Northeastern Section - 53rd Annual Meeting - 2018

Paper No. 37-6
Presentation Time: 3:30 PM


KOZLOWSKI, Andrew1, BIRD, Brian1, MAHAN, Shannon A.2, FERANEC, Robert S.3, TEALE, Chelsea L.4 and LEONE, James1, (1)New York State Education Department, New York State Museum/Geological Survey, Office of Cultural Education, Albany, NY 12230, (2)U.S. Geological Survey, Denver Federal Center, Box 25046, MS 974, Denver, CO 80225, (3)New York State Museum, 260 Madison Avenue, Albany, NY 12230, (4)Department of Geography, Humboldt State Univesity, Founders Hall 133, Arcata, CA 95521

The Cayuga Basin has long been recognized as a vessel that held expansive proglacial lakes generated as the Ontario Lobe of the Laurentide Ice Sheet advanced southward and dammed northern outlets. Numerous proglacial Lakes at various elevations have been recognized from post Nissouri Phase (MIS 2) deglaciation. The earlier record of glacial events in the eastern Finger Lakes has been studied less and thus are not well known.

Deposits exposed along the valley walls of Great Gully on the eastern flank of the Cayuga Lake, near the Village of Union Springs record the presence of glacial and non-glacial phases collectively recognized as the Great Gully Group. The Aurora Formation occurs mid-group and contains laterally continuous ripple cross-bedded fine-medium grained sands. Abundant organic material preserved in the sands includes macrofossil assemblages that include woody taxa, emergent nearshore and upland taxa and submerged taxa consistent with low energy fluvial-lacustrine depositional environment. Collectively the taxa from the sand units suggest temperatures above subarctic conditions. Thin diamicton units interpreted as tills also occur in this formation and suggest oscillating glacial conditions interrupted by north flowing drainage into the Cayuga Basin. Optically stimulated luminescence dates on the sand units indicate this lake system was established by ~65,000 Cal yr BP.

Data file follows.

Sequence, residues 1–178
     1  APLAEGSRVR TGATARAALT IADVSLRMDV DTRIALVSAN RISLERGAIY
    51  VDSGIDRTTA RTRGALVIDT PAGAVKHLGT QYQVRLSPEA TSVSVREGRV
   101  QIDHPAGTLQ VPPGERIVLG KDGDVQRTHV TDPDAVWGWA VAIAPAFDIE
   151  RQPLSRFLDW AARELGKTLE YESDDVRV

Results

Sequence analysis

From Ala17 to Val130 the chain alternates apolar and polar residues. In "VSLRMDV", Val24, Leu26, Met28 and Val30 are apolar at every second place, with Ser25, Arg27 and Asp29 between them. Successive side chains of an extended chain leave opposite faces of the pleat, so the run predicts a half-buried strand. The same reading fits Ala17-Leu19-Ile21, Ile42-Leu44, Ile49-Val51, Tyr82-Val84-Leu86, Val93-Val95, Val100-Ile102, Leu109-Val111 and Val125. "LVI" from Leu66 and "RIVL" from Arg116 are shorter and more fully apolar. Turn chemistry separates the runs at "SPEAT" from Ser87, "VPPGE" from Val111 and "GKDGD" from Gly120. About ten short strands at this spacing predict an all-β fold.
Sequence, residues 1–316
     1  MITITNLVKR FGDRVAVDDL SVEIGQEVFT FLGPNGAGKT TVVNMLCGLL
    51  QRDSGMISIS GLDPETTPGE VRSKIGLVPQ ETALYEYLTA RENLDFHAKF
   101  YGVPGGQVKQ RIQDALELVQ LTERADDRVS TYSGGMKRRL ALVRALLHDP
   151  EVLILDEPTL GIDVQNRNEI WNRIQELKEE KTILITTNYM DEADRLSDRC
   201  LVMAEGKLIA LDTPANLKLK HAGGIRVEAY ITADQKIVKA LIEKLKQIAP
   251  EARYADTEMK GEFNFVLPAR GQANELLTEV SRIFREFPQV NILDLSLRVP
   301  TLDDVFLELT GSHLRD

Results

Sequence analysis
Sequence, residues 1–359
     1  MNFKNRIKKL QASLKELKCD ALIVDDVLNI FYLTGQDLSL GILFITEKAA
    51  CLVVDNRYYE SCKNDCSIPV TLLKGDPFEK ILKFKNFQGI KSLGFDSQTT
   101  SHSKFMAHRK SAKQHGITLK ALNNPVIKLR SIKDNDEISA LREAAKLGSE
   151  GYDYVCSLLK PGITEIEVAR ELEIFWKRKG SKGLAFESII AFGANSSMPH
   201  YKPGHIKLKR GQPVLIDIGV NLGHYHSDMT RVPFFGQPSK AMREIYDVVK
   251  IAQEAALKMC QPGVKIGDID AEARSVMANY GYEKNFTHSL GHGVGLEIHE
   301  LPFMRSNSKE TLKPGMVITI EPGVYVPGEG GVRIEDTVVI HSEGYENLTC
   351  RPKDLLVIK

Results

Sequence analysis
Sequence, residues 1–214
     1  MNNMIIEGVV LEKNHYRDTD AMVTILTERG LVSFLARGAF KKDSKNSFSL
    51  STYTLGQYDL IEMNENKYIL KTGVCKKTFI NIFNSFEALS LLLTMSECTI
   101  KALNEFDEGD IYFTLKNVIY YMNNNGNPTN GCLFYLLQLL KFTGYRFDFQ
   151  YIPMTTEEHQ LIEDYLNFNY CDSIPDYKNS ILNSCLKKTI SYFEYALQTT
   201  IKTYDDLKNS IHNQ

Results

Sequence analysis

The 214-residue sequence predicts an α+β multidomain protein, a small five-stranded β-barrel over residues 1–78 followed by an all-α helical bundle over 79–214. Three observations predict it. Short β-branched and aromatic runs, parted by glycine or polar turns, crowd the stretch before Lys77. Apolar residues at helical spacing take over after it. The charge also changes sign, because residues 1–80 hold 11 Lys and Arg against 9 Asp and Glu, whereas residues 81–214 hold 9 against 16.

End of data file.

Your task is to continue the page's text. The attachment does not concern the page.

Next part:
Stratigraphically above is the Bunker Formation that contains indurated compressed peat and interbedded sand units and spruce wood fragments. These peat deposits suggest a stabilized lake level by about 50,000 Cal yr BP, taxa and pollen suggest cooler environments approaching boreal forest conditions. The peat deposits are truncated and overridden by till deposits generated by a younger readvance occurring prior to 30,000 Cal yr BP.

Continuous wire-line cores substantiate continuity of lacustrine and peat deposits within a previously unknown buried valley system extending more than 8 km in length and 1.5 km in width. The buried valley system appears as a southeastern extension or embayment to the Cayuga Trough. The lake system represented temporally and spatially by deposits is designated as glacial Lake Nanette. This phase represents a high elevation lake present within the Cayuga Basin for most of Marine Isotope Stages (MIS) 3-4.